March 30th, 2018
Athens, Ga. – Lilian Sattler, an assistant professor with a dual appointment in the University of Georgia College of Family and Consumer Sciences and the College of Pharmacy and, is the first UGA faculty member named as a Georgia Clinical & Translational Science Alliance KL2 scholar.
The goal of the Georgia CTSA KL2-Mentored Clinical and Translational Research Scholars program is to support and enhance career development for junior faculty from a wide variety of disciplines at Emory University, Morehouse School of Medicine, Georgia Institute of Technology and the University of Georgia College of Pharmacy. The Georgia CTSA KL2 Core is committed to assisting junior faculty at partner institutions to become independent, established and ethical clinical and/or translational research investigators.
Sattler’s clinical KL2 research project is titled “Effect of Dietary Approaches to Stop Hypertension Eating Pattern of Hemodynamic Markers in Advanced Heart Failure Patients.” With guidance from her experienced, interinstitutional and interdisciplinary KL2 mentorship team, the feeding trial will examine the effect of nutritional intake on hemodynamic markers, cardiometabolic markers, and medication regimen changes in advanced heart failure patients with an implanted hemodynamic monitoring device.
As a KL2 scholar, Sattler will receive salary support to allow her to spend 75 percent of her professional time on research over two years. She will also receive a $25,000 per year technical budget for research-related expenses and complete 16 credits of formal training through the Emory University Certificate Program in Translational Research.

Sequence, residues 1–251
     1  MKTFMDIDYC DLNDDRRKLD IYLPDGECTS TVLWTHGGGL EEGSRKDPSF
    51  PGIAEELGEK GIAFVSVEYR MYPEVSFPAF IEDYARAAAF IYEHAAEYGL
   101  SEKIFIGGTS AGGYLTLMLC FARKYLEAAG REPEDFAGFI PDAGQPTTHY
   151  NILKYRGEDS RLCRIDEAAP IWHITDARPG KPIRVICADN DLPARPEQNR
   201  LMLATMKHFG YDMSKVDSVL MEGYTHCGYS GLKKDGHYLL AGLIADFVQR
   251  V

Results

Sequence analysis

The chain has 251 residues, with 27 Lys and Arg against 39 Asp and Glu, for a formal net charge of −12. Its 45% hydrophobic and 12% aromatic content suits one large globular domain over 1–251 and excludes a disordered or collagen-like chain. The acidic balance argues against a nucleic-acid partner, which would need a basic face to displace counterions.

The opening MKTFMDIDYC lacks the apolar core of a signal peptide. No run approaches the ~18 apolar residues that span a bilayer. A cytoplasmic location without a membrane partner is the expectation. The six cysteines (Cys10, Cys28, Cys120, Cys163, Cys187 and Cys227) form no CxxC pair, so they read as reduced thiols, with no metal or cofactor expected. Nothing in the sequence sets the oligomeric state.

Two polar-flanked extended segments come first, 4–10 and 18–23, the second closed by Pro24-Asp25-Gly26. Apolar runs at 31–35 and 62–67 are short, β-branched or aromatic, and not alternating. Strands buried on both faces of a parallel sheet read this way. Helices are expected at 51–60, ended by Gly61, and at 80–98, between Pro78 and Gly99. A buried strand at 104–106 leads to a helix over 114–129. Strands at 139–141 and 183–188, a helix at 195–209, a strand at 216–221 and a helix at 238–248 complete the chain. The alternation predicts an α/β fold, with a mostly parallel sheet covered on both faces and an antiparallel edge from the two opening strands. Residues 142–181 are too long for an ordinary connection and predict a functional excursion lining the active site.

“I am excited about the training opportunities and new infrastructure the Georgia CTSA holds for early-career investigators like me who are trying to launch a career in clinical research, and I feel honored that a team of such accomplished researchers has agreed to mentor me throughout this process,” said Sattler.
“The KL2 program is a unique and highly successful training opportunity for junior faculty. Please join me in congratulating Dr. Sattler on this significant achievement and being UGA’s first KL2 Scholar,” said Bradley G. Phillips, director of the Clinical and Translational Research Unit and Georgia CTSA principal investigator for UGA.
Satller will receive mentorship from Sandra Dunbar, Emory University Nell Hodgson Woodruff School of Nursing; Arshed A. Quyyumi, Emory University School of Medicine; Jonathan R. Murrow, Augusta University/UGA Medical Partnership; Henry N. Young, UGA College of Pharmacy; and Rick D. Lewis, UGA College of Family and Consumer Sciences.
About the University of Georgia College of Family and Consumer Sciences: Founded in 1918, the College of Family and Consumer Sciences (FACS) is committed to advancing the well-being of individuals and families and strengthening communities. Our students aim to make a difference in the lives of others through pre-medical intent, nursing and other health care paths, pre-law intent, business, human development and family science, foods, dietetics, nutritional sciences, financial planning, consumer economics, housing, education, child life, fashion merchandising, residential interior design, journalism, textiles and more. FACS programs are accredited, endorsed or aligned with industry best practices. For more information, visit www.fcs.uga.edu
About the University of Georgia College of Pharmacy: Founded in 1903, the University of Georgia College of Pharmacy delivers high quality education, research opportunities, experiential programs and service learning in order to advance the pharmacy profession, as well as the pharmaceutical and biomedical sciences. As the largest pharmacy school in the State of Georgia, the college offers a Doctor of Pharmacy degree (PharmD), along with several graduate programs and one undergraduate degree. For further information, see http://rx.uga.edu/.
This article was written by Mickey Montevideo from the UGA College of Pharmacy.
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